An appropriate measure of congestion is the number of hours lost due to travel being slower than speed achieved on each road when traffic is flowing freely. This analysis will be produced for the AM peak from Junction 4 on the M90 to Echline Roundabout, as this is considered to be representative of the main corridor.

In the absence of the introduction of any bus priority measures, the reliability of bus journeys is a function of the journey time of private road vehicles. This report is concerned with analysing how the network will perform in the absence of any specific measures and proposals that may be developed during this study: the agreed measures in the forecast scenarios do not include bus priority to the north of the Forth Road Bridge. In this report, therefore, the measurement of road congestion can serve as a proxy for both car and bus journey time reliability.

Increase travel choices and improve integration across modes to encourage modal shift of people and goods

The measurable outcome for this objective is the mode split between car and public transport for trips across the Forth.

Improve accessibility and social inclusion

Social inclusion can be measured through an assessment of how the socially deprived can access centres of major employment, such as:

  • Edinburgh city centre;
  • Gyle;
  • Edinburgh Airport;
  • Livingston;
  • Glenrothes; and
  • Leith Waterfront and Victoria Quay.

The Scottish Index of Multiple Deprivation (2006) was used to choose a selection of areas in the most deprived 20 per cent, ranked by income, both north and south of the Forth:

  • S01002721: Cowdenbeath;
  • S01002785: Kelty;
  • S01002656: Dunfermline;
  • S01002759: Methil;
  • S01001926: Sighthill, Edinburgh;
  • S01002279: Pilton, Edinburgh; and
  • S01006402: Craigshill, Livingston.

The duration of Cross Forth movements to access employment by both the road network and public transport can then be assessed, showing the change in accessibility brought about by each scenario.

Additionally, ‘isochrone’ maps can be produced for road journey times to each employment centre for a visual representation.

Minimise the impacts of maintenance on the effective operation of the transport network

The total vehicle flow over the Forth Road Bridge and particularly the total flow of heavy goods vehicles is closely linked to the requirement for maintenance and resurfacing work on the bridge carriageways. The Forth Replacement Crossing Study Report 1: Network Performance concludes in its section on Surfacing (section 2.4.4) that "If the number of HGVs is reduced…it would be reasonable to predict that the life of the bridge surfacing would be increased" and hence the amount of maintenance required be reduced. Conversely, it would also seem reasonable to assume that increased volumes of traffic, and HGVs in particular, would increase the amount of surface maintenance and the disruption associated with it.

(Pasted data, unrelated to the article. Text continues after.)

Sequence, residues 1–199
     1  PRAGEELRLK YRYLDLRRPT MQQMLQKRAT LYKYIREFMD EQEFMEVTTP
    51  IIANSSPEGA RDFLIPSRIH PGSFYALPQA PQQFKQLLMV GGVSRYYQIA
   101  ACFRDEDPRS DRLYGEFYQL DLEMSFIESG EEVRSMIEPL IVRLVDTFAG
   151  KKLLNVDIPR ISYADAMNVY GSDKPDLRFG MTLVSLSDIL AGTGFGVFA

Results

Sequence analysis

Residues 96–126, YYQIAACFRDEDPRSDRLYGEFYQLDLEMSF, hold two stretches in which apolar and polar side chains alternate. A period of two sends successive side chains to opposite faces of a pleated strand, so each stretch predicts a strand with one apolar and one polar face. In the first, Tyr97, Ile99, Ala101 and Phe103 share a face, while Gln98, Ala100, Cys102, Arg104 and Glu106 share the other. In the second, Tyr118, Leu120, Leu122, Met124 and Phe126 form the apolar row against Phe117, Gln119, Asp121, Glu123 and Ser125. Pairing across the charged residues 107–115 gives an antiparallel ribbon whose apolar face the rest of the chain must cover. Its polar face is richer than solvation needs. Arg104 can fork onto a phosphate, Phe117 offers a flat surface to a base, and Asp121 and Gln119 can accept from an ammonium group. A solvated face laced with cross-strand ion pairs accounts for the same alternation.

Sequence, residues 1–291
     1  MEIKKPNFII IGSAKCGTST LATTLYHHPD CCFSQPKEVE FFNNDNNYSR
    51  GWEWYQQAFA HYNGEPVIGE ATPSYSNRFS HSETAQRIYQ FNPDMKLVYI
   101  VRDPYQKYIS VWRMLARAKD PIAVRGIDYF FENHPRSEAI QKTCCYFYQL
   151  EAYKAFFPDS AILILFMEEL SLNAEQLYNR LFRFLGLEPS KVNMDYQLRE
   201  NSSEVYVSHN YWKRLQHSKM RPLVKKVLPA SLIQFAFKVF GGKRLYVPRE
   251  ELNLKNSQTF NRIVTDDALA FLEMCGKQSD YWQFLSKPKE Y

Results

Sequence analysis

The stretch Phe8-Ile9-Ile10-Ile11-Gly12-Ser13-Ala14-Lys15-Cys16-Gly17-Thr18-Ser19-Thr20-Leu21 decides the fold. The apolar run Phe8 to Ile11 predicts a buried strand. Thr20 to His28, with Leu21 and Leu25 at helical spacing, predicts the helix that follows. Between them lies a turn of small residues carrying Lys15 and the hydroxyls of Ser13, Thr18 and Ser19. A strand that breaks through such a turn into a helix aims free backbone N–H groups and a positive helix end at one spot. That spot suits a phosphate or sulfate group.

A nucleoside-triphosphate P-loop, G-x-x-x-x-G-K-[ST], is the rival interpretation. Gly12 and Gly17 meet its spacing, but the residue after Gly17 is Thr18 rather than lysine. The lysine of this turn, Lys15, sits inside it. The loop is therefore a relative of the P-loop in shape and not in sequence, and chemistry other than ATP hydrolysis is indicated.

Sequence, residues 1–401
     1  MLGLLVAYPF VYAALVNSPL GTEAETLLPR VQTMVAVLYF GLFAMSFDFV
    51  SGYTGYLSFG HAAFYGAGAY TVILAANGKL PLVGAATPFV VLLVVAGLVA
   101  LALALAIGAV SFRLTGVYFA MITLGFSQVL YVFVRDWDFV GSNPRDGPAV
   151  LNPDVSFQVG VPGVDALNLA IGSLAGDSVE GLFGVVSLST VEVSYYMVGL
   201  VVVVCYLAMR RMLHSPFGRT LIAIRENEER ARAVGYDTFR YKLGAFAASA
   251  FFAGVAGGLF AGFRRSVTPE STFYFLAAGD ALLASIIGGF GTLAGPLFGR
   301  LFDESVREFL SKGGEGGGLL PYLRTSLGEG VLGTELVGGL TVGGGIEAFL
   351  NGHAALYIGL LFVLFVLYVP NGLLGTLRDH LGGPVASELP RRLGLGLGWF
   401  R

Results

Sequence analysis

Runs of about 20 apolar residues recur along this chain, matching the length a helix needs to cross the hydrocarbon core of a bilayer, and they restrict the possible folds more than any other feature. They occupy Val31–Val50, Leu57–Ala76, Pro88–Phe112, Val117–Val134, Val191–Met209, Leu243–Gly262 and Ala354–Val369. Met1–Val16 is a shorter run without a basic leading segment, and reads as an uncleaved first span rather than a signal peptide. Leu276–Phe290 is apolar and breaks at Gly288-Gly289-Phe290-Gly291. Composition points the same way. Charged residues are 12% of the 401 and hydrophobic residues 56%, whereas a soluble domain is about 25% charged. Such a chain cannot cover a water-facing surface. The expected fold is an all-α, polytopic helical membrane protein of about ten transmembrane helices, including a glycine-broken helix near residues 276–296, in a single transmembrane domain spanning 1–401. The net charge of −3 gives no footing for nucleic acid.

Annual ‘total vehicle’ and ‘heavy goods vehicle’ flows will be prepared for each time period.

Minimise the impact on people, the natural and cultural heritage of the Forth area

Qualitative assessments of the impact of any scheme on the natural and cultural heritage of the Forth Area of any proposed scheme will form part of the assessment.

An assessment of regional emissions (in tonnes) due to transport can be undertaken using TMfS. This can give the following outputs:

  • Carbon Monoxide;
  • Hydrocarbon Pollutants;
  • Oxides of Nitrogen Pollutants;
  • Particulate Pollutants; and
  • Carbon Dioxide.

Support sustainable development and economic growth

The 2002 report Scotland’s Transport Delivering Improvements: Transport Indicators for Scotland, published by the Scottish Executive outlines performance targets for their objectives to support sustainable development and promote economic growth.

For sustainable development, the report identifies Transport Emissions, "Freight Lifted" and Modal Shifts on short journeys and journeys to work/school as key performance indicators. These factors are already reported upon for the following objectives:

  • Transport Emissions are reported in "Minimise the impact on people, the natural and cultural heritage of the Forth area";
  • "Freight Lifted" is reported in "Minimise the impacts of maintenance on the effective operation of the transport network"; and
  • Modal Shift is reported in "Increase travel choices and improve integration across modes to encourage modal shift of people and goods".

For economic development, road traffic volumes, road traffic congestion and condition of the road network are listed as performance indicators. These factors are already reported for the following objectives: